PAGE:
3. Set your budget. Before applying for a used car loan, find out exactly how much you can afford to borrow.
  4. Apply with a cosigner. A cosigner is someone with good finances who agrees to sign the loan with you. By signing, they agree to cover loan payments on your behalf should you default on them.
  5. Apply for pre-approval with several lenders. Applying with multiple lenders will help you compare rates and terms to decide which used car loan is best for you.

What are the limits on used car loans?

Lenders typically have minimum and maximum loan amounts, and often set limits to the age and mileage of vehicles that qualify for loan approval. Your credit score will also affect your chances of getting a car loan. A score of 630 or more gives you a good chance of securing a loan. But if your score is below 630, it will be difficult to gain approval. Find out how you can improve your credit score here.

Here’s what you can expect from some popular used car loan providers.

Loan ProviderMax. age of carMin. loan amountMax. loan amount
CarsFast Car LoansVaries by lender$500$75,000Go to site
Car Loans CanadaUsually 7 years old$7,500$55,000
Loans Canada Car LoansVaries by lender$500$35,000Go to site
Carloans411 Car LoansVaries by lender$500$50,000Go to site
LoanConnect Car LoansVaries by lender$500$50,000Go to site
Auto Arriba Car Loans10 years old$500$100,000
Fairstone Secured Personal LoanNot specified$5,000$50,000Go to site

What are the pros and cons of financing a used car?

Pros
  • You don’t need the full amount to buy the car.
  • Loans help you build and improve your credit score as long as you make payments on time and in full.
  • Compared to leasing a car, taking out a loan helps you build ownership of your car.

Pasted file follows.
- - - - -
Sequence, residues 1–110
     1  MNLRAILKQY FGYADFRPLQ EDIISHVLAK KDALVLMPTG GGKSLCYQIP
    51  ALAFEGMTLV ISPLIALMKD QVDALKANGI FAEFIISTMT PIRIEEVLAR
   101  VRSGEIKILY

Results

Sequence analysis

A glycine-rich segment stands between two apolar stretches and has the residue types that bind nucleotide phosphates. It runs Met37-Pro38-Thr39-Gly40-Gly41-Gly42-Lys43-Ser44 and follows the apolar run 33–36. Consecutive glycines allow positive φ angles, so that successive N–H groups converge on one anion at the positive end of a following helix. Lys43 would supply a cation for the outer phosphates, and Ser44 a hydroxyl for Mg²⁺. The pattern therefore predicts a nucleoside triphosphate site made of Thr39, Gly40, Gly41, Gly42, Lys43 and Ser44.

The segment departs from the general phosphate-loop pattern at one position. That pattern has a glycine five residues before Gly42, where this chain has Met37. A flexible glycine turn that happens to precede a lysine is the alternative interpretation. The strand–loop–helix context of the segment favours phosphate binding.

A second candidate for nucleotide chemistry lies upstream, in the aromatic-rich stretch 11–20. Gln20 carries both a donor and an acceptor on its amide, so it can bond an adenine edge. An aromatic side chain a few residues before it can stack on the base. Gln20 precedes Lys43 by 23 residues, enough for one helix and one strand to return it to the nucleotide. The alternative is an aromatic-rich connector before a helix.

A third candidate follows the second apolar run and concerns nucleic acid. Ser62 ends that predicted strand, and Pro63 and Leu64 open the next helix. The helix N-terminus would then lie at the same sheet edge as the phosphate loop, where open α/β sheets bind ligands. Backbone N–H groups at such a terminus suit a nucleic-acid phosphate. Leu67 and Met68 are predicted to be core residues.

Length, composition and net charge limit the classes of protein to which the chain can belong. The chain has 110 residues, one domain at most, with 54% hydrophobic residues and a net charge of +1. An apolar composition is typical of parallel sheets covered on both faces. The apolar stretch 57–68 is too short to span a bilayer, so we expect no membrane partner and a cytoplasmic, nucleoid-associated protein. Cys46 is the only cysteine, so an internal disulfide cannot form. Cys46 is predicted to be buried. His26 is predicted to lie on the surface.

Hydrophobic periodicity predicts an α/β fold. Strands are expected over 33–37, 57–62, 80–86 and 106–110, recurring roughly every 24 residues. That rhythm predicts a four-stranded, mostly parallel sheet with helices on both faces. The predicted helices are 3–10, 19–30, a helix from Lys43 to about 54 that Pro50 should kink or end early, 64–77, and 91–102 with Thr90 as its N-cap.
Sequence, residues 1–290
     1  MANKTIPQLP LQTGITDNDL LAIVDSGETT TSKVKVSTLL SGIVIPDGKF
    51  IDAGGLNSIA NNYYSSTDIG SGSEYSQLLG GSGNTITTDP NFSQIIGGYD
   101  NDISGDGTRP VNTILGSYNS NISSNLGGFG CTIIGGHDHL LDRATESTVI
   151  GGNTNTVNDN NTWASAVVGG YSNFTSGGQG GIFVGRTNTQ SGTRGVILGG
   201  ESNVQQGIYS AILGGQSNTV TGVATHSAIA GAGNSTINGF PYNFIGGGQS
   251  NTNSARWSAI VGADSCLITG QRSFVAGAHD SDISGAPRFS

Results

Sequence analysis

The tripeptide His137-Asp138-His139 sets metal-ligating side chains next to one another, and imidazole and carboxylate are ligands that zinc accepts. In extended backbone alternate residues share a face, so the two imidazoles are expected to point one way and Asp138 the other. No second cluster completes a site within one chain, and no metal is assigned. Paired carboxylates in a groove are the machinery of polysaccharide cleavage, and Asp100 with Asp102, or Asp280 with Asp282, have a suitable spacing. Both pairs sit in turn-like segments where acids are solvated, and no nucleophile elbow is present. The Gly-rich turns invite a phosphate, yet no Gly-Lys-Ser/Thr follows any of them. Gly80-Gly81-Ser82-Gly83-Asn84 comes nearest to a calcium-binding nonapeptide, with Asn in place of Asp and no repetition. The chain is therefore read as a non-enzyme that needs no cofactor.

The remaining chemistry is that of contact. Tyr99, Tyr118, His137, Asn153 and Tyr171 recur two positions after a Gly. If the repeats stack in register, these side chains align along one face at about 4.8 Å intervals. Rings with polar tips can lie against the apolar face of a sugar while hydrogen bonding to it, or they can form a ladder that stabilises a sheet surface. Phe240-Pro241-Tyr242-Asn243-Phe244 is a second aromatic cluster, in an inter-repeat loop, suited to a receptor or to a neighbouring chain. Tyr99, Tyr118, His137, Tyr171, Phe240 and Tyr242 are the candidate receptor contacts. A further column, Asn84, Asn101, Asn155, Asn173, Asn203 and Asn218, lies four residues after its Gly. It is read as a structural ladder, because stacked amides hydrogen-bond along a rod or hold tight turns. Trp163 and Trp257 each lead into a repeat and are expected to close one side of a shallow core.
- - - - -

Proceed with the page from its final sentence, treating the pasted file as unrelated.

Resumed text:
• You can get a great price on a used car by negotiating in a private sale or at a dealership.
  • You have various financing options to consider — both secured and unsecured.
Cons
  • Could pay a high monthly payment with high interest rates.
  • Used car financing can be more expensive and restrictive than financing for new cars.
  • You could be buying a car with lots of problems.
  • The age of the used car affects its resale value.

Should I put a deposit on a used car?

Some lenders might request a deposit. This usually happens in three situations:

  • If you don’t have financing available after you negotiate the purchase price.
  • If the dealer needs to order your vehicle from a factory.
  • If the dealer you’re working with needs to exchange vehicles with another dealer before you get your car.

In any of these cases, it may be necessary to leave a deposit for your used car, but that doesn’t mean you have to settle for the dealer’s terms. Every step of a car purchase can be negotiated, and that includes your deposit.

Tips for making a deposit on a used car

  • Make sure it’s refundable. Read the terms of your contract carefully and have a sales manager change it if you find that it’s nonrefundable. That way you can back out if you don’t have financing on hand right away or haven’t had the car inspected.